"name": "WebSocket_dotNet",

    "build": {"dockerfile": "Dockerfile"},

    "runArgs": [



    "extensions": ["ms-dotnettools.csharp"],

    "workspaceFolder": "/opt/refinitiv/websocket-api/Applications/Examples/RDP/CSharp",

    "mounts": [






The detail of the configurations above are:

  • name: A display name for the container.
  • build: The location of a Dockerfile that defines the contents of the container.
  • runArgs: An array of Docker CLI arguments that VS Code uses when running the container. I am setting the --env-file option that sets the container's environment variables via a file named .env.devcontainer.
  • extensions: Specify VS Code extension IDs that will be installed inside the container. I am setting the C# extension for Visual Studio Code here.
  • workspaceFolder: Sets the default path that VS Code should open when connecting to the container. This devcontainer sets the default path to /opt/refinitiv/websocket-api/Applications/Examples/RDP/CSharp which is the RTO C# examples location in the container.
  • mounts: Add mount points to the container when created for sharing files between the host and devcontainer. I am mounting the .vscode folder for the C# running/debugging configurations and the shareFolder to share files between host and devcontainer.
  • shutdownAction: set the VS Code stops the container when the editor window is closed/shut down.

The development container is not limited to Docker Images or a Dockerfile, it supports Docker Compose too. You can build your image(s) to match your development requirements, and then share Dockerfile and/or docker-compose.yml inside a .devcontainer folder (with a devcontainer.json file) with your colleagues to help them to set up the same development environment.

Please find more details about all devcontainer.json configuration parameters on the VS Code - devcontainer.json reference page.

A Dockerfile

The refinitivapis/websocket_api Docker Image has the Python runtime and dependencies pre-installed for the Python WebSocket examples. However, it is based on the Linux OS Image, so we can build a new Docker image on top of it and install compilers, SDKs, or runtime for the other WebSocket examples.

A Dockerfile for the RTO C# WebSocket examples is as follows:


# Pulling Image from https://hub.docker.com/r/refinitivapis/websocket_api

FROM refinitivapis/websocket_api:latest

LABEL maintainer="Developer Advocate"


# Install updates, dotnet-sdk and tools for VS Code devcontainer.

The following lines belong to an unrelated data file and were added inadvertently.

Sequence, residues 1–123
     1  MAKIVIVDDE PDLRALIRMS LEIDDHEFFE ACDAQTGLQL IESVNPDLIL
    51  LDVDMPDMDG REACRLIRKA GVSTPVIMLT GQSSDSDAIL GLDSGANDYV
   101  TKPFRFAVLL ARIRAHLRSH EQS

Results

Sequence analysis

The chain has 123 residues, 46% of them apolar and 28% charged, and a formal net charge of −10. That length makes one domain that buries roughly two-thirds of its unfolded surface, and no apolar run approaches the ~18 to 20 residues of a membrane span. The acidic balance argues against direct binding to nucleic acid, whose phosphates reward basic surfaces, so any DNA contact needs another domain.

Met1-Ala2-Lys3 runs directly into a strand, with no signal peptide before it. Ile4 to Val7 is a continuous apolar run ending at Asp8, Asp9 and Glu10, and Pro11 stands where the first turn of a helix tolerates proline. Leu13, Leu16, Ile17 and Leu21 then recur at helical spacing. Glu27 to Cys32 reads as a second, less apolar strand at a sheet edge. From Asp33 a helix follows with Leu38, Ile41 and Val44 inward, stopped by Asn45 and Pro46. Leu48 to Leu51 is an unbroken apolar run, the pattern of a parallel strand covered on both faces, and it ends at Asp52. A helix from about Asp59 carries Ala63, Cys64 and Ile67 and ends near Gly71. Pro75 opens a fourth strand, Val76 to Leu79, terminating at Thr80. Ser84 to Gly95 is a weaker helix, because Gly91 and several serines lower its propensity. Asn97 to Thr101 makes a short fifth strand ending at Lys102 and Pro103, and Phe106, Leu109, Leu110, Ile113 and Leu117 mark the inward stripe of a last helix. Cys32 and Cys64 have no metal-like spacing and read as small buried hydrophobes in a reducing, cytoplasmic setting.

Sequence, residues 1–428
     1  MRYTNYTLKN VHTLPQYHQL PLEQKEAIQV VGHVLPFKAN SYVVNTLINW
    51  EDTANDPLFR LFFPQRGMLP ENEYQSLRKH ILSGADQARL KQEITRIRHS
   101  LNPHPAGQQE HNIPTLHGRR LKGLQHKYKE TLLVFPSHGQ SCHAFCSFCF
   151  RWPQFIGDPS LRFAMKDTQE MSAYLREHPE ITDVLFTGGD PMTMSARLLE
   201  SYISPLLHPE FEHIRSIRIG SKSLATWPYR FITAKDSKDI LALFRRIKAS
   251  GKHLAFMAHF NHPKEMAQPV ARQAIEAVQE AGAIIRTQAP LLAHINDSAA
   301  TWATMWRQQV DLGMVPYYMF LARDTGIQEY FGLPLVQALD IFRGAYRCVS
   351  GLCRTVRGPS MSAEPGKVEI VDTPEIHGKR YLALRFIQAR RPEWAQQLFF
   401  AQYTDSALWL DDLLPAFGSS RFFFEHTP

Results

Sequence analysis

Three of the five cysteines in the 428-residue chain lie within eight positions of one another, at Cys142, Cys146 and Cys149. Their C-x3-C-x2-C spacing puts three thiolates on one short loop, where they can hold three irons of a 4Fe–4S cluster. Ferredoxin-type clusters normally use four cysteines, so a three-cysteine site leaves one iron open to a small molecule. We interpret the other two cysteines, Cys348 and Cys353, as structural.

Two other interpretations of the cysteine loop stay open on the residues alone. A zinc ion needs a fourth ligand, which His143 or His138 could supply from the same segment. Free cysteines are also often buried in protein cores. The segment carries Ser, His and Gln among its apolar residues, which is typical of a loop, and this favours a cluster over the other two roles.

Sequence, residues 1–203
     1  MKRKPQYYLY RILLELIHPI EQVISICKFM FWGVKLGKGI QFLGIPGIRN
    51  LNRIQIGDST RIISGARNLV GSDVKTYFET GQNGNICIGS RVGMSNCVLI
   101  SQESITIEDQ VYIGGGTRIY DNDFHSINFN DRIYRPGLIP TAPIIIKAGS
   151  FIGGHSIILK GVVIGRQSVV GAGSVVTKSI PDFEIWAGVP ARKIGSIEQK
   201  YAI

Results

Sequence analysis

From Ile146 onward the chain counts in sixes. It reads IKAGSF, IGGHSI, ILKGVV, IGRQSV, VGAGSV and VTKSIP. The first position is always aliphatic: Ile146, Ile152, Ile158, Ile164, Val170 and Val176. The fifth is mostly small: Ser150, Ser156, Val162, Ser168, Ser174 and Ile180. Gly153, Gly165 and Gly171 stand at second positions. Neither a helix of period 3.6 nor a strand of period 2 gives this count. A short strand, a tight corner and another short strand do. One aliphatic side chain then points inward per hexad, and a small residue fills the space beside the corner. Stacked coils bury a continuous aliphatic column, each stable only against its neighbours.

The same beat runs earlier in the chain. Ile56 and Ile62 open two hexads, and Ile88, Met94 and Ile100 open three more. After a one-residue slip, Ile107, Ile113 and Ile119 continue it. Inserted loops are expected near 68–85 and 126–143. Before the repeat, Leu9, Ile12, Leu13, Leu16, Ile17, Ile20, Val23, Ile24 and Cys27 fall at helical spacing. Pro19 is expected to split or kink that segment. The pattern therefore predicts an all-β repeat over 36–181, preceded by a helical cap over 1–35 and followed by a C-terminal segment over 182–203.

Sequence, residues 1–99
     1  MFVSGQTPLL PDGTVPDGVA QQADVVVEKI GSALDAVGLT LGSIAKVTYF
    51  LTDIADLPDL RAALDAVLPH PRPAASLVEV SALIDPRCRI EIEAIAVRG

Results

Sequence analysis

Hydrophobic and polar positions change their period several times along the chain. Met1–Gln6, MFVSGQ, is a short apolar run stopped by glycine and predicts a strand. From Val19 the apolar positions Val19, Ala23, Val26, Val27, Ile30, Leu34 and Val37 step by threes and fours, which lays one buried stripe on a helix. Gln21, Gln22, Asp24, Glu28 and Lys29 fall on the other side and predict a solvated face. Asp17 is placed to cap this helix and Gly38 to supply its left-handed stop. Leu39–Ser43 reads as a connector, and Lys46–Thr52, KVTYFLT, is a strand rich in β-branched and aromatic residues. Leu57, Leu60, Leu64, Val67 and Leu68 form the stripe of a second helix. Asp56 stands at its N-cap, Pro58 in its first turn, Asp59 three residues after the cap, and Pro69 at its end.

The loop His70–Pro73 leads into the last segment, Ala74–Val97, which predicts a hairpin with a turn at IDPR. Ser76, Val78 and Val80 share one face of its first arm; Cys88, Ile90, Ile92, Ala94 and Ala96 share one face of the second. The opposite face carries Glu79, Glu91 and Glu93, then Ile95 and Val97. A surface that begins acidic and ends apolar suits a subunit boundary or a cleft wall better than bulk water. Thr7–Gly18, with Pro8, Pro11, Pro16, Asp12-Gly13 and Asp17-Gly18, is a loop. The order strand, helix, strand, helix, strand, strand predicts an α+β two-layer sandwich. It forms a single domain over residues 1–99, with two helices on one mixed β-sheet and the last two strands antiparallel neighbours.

RUN yum update -y \

 && yum -y install dotnet-sdk-2.1 wget tar.x86_64 \

 # Clean up unnecessary files to reduce Image size

 && yum clean all

# Set work directory to be RDP/CSharp


WORKDIR /opt/refinitiv/websocket-api/Applications/Examples/RDP/CSharp


# Set Docker to start bash

CMD /bin/bash

The above Dockerfile instructions do the following tasks.

  1. Pull refinitivapis/websocket_api as the Base Image with the FROM instruction.
  2. Install .NET SDK and runtime to the Image (As of April 2022: The RTO C# examples support .NET Core version 2.1).
  3. Install additional packages for VS Code and the Remote - Containers extension.
  4. Set a new working directory to /opt/refinitiv/websocket-api/Applications/Examples/RDP/CSharp folder with the WORKDIR instruction.

Please note that you can build and run this Dockerfile with the Docker engine CLI too.

An Environment Variables file

According to the methodology 3rd factor of the Twelve-Factor App methodology, it is a good practice to keep configuration information and credentials as environment variables, then inject them into the application on runtime.

I am keeping the RTO credentials in a file named .env.devcontainer file under the .devcontainer folder as follows:


# RTO Credentials




Then, we set this .env.devcontainer file to Docker on runtime with the devcontainer.json's "runArgs": ["--env-file=.devcontainer/.env.devcontainer"] configuration. Once the devcontainer creation is successful, developers can access RTO credentials via the following methods:

  • In a container's bash: via the $<variable name> syntax like $RTO_USERNAME
  • In VS Code launch.json: via the {env:<variable name>}* syntax like *env:<variablename>∗syntaxlike∗{env:RTO_USERNAME}


You should not share this .env.devcontainer file to your peers or commit/push it to the version control. You should add the file to the .gitignore file to avoid adding it to version control or public repository accidentally.

You can create a .env.devcontainer.example file as a template for environment variables file sharing. The file has the same parameters' keys as a .env.devcontainer file but without sensitive values.

Launch and Tasks Configurations files